A Visit with the Principal

Recently I received a phone call from our school saying the principal, here known as the Head Teacher, wanted to have a short meeting with me. It had been a long time since Z had sent a schoolmate howling to his mother because of enthusiastic rough housing. So I had to assume the only other logical reason: Our attendance record.


It seems as though the government in the U.K. is constantly tweaking the school curriculum and educational requirements. It's to the point now that long-time teachers are resigning and telling their stories to the newspapers about micromanagement and counterproductive expectations , all without paying them nearly as much as a similarly educated professional. One of the more recent policy changes has been regarding attendance.  The policy is intended to limit truancy and make parents financially responsible for their kids' attendance by levying a fine of 60 pounds ($100) a day. Fortunately, the head teachers are allowed to enforce this law at their discretion. Since our school does not have a concerning history of truancy, I was told we wouldn't be fined unless absences exceeded 24 sessions, a session being half a day. 


During Z's first year in Reception, we had 17 absences. Not as many as several of my actually conscientious friends, so I didn't give it another thought. But within the first month of Year 1, we had taken three days off on jaunts I deemed necessary, and so was asked for a face-to-face. 


At the end of last year our school got a new head teacher after the abrupt and forever unexplained resignation of the dynamic head teacher who C had liked so much he had put St. Peter's at the top of our desired school list. I loved her too; she was young, dynamic, had a lot of good ideas and looked hot in her thick black pumps. But that's a completely different story, one I will never be able to tell because we've been told over and over again that we need not know. 


Our new head teacher is perfectly lovely and occasionally wears black stockings and leather boots.  She is also very diplomatic, articulate about policy and curious to know if I'm a deadbeat parent. Try as I might, I was not able to remove my defensive armor as I walked into her office and sat down. She flipped through a few pages of Z's record and began with our absences last year. I immediately struck back by saying, "Let's just forget last year since, by law, we weren't even required to attend."  Ok, she conceded, and put away last year's record. But I felt like an idiot. 


This was one of those moments when I have to laugh at my younger day notions that I could have been some sort of government diplomat. I am simply incapable of delivering a disagreement without sounding shrill or passive aggressive. I felt I needed to defend the educational merits of Z's exposure to a different language or counting Euros instead of Pounds as the reason we had to take time away from the school week. I straightened up and said that since we were Americans, with a limited time in this country and, since our son could almost keep from transposing his letters, that I didn't think his absences were having an impact on his education.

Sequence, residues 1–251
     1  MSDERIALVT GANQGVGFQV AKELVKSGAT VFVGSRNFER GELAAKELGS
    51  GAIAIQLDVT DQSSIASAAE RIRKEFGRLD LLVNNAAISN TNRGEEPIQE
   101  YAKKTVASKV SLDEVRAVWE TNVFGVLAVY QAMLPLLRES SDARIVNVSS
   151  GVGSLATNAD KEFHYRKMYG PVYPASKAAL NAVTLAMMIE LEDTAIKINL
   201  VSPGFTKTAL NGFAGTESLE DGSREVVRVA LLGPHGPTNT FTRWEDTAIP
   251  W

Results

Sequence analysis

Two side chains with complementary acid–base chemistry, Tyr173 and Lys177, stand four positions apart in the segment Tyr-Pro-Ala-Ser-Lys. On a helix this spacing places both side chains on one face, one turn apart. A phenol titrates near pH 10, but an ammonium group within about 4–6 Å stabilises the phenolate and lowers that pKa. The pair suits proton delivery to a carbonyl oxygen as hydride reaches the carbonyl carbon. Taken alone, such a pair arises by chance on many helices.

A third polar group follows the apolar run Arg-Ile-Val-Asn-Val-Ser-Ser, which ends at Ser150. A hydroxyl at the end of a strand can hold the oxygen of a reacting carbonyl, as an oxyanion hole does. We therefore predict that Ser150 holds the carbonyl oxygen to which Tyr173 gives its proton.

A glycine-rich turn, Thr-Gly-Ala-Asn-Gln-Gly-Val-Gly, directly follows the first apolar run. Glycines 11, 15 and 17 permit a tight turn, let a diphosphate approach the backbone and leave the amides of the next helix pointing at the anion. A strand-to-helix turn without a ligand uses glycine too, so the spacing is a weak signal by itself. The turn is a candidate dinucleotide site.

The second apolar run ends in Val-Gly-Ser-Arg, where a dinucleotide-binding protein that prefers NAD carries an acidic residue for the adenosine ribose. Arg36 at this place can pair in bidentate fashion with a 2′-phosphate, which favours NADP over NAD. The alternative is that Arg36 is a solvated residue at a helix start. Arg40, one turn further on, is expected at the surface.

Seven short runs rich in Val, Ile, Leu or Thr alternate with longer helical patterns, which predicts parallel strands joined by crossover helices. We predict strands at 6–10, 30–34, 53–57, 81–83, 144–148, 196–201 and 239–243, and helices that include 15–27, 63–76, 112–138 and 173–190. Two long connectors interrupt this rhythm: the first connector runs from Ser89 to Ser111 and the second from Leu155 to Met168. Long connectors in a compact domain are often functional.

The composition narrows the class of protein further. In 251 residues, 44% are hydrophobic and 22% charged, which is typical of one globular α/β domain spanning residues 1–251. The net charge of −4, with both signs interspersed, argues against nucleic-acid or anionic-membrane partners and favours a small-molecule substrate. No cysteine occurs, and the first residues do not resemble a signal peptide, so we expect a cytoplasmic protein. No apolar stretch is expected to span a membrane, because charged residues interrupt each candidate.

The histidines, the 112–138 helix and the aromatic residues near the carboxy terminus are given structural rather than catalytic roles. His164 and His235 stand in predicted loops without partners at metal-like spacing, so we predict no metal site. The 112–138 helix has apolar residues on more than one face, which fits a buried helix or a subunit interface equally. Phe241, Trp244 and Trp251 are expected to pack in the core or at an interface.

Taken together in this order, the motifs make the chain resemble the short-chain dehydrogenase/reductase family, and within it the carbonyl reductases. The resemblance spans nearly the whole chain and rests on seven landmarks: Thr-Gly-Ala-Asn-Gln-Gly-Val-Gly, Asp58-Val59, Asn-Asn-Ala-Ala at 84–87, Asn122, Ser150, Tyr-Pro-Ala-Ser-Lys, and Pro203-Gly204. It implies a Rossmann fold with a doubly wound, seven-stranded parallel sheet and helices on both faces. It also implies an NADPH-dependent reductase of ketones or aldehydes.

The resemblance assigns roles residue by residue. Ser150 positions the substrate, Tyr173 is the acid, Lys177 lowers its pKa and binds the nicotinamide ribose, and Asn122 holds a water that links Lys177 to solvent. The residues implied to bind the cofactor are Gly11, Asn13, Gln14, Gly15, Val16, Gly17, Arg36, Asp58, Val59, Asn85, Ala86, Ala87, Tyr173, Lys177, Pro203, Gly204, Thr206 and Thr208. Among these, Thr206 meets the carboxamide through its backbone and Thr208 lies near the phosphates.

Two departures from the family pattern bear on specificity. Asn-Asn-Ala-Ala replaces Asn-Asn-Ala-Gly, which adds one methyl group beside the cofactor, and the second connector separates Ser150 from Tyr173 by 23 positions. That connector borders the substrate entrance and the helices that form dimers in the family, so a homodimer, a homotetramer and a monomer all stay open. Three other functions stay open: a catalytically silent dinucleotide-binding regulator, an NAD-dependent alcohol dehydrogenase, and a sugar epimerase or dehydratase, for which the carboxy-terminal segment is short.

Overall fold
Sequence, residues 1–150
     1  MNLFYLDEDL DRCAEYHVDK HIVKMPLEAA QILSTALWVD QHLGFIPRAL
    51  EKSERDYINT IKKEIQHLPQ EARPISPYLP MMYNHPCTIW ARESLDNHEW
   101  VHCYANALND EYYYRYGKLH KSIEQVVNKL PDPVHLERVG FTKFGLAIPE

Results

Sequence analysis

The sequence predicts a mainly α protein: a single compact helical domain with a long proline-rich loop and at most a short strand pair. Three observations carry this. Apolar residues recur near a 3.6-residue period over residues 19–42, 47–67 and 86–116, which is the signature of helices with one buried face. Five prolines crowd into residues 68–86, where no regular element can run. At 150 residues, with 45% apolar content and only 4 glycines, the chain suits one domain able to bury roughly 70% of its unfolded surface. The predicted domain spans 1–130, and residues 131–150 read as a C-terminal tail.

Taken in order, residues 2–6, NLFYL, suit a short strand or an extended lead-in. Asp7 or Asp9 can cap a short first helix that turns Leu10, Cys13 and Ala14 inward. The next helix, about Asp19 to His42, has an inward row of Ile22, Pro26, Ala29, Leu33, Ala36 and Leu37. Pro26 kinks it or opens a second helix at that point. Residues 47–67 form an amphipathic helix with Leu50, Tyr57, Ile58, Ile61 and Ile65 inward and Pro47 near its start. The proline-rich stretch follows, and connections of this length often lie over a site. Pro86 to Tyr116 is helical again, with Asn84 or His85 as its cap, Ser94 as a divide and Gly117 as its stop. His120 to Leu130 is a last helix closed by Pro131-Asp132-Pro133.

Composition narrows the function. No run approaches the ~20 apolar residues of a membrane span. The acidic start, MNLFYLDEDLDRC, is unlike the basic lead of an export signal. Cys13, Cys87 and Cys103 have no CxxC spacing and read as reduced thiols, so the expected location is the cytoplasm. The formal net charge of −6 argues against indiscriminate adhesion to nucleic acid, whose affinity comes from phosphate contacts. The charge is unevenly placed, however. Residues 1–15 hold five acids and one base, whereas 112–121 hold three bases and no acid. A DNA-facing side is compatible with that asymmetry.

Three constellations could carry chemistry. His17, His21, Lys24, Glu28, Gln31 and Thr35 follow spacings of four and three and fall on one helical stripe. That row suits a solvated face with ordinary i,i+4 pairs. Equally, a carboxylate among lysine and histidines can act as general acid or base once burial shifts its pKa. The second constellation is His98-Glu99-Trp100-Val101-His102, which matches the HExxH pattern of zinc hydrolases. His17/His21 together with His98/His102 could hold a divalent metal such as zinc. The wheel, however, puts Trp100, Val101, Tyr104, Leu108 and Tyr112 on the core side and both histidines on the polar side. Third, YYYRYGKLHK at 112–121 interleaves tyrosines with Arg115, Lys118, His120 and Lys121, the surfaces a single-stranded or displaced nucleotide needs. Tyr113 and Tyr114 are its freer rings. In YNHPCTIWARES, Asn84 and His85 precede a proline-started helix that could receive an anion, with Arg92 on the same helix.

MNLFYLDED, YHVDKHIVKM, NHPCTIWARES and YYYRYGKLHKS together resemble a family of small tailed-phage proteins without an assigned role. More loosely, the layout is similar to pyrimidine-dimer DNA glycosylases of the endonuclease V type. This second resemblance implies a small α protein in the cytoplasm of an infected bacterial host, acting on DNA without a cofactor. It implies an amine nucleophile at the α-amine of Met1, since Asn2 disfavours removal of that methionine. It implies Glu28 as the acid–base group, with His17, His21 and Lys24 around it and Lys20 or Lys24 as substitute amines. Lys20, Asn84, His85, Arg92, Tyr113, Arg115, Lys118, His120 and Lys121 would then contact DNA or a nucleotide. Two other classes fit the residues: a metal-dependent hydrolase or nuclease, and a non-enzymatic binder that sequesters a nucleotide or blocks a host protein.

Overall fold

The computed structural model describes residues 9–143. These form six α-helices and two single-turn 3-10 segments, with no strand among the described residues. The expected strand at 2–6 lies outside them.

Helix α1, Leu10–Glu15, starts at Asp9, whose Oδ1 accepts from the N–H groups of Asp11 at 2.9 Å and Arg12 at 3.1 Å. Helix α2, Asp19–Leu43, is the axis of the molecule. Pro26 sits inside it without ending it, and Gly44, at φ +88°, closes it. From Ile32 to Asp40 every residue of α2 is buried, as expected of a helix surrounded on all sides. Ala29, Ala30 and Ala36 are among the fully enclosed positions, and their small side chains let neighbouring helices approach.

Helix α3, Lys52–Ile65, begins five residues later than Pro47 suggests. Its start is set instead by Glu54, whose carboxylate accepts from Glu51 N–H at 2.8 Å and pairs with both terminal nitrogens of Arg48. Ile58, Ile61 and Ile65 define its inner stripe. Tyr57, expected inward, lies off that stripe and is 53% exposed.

There is also a maddening tradition in this country of raising, scratch that, jacking up the price of travel during the school term holidays. We left early on our trip to Mallorca because to have flown on a Saturday or Sunday would have cost us nearly $600 more. Our upcoming trip to Austria, if taken without missing a school day, would have been $1500 more for our flights than the tickets I found leaving on Friday morning. Given the cost savings, even if the school does start fining us, you think my behavior is going to change?


At one point the head teacher let her perfect diplomacy slip and said that most other parents managed to take their holidays within term time. That was all I needed to hear: My 16 year-old non-conformist, non-diplomatic self reared her hot head again and replied, "Just because it's the policy doesn't make it sensible." We came to a truce. 


Every time I experience something bordering on absurdity, I think back to the early days of my dabbling in philosophy. I felt I'd been handed an epiphany when I came across a passage that essentially said the laws we make for ourselves are simply a reflection of our society and what it will and will not tolerate.  To me, that means as long as what I do doesn't have a negative impact on anyone else, and the consequences of breaking such law isn't steep, then I will do what feels right for me and my family.  This is a debatable attitude and one I struggle with when I'm standing at a cross walk with my son without a car in sight but a little red hand staring back at me from across the street.  Do I break the law and spend 15 minutes talking with Z about the subtleties of conscientious objecting?  Or do I just stand there compliant and decide I need to uphold all the rules and he can come to his own conclusions later without me tipping him toward non-compliance?


At this point Z has no idea that our taking school days off for an early start to our holiday is committing an infraction.  Given how black and white kids see things at this age, I'm not inclined to discuss it with him.  But I truly feel that all the things we're doing with him at this tender age are making him the well-rounded kid he should be. It's getting him out of a stuffy classroom and into the world of history. And really, some laws were just made to be broken.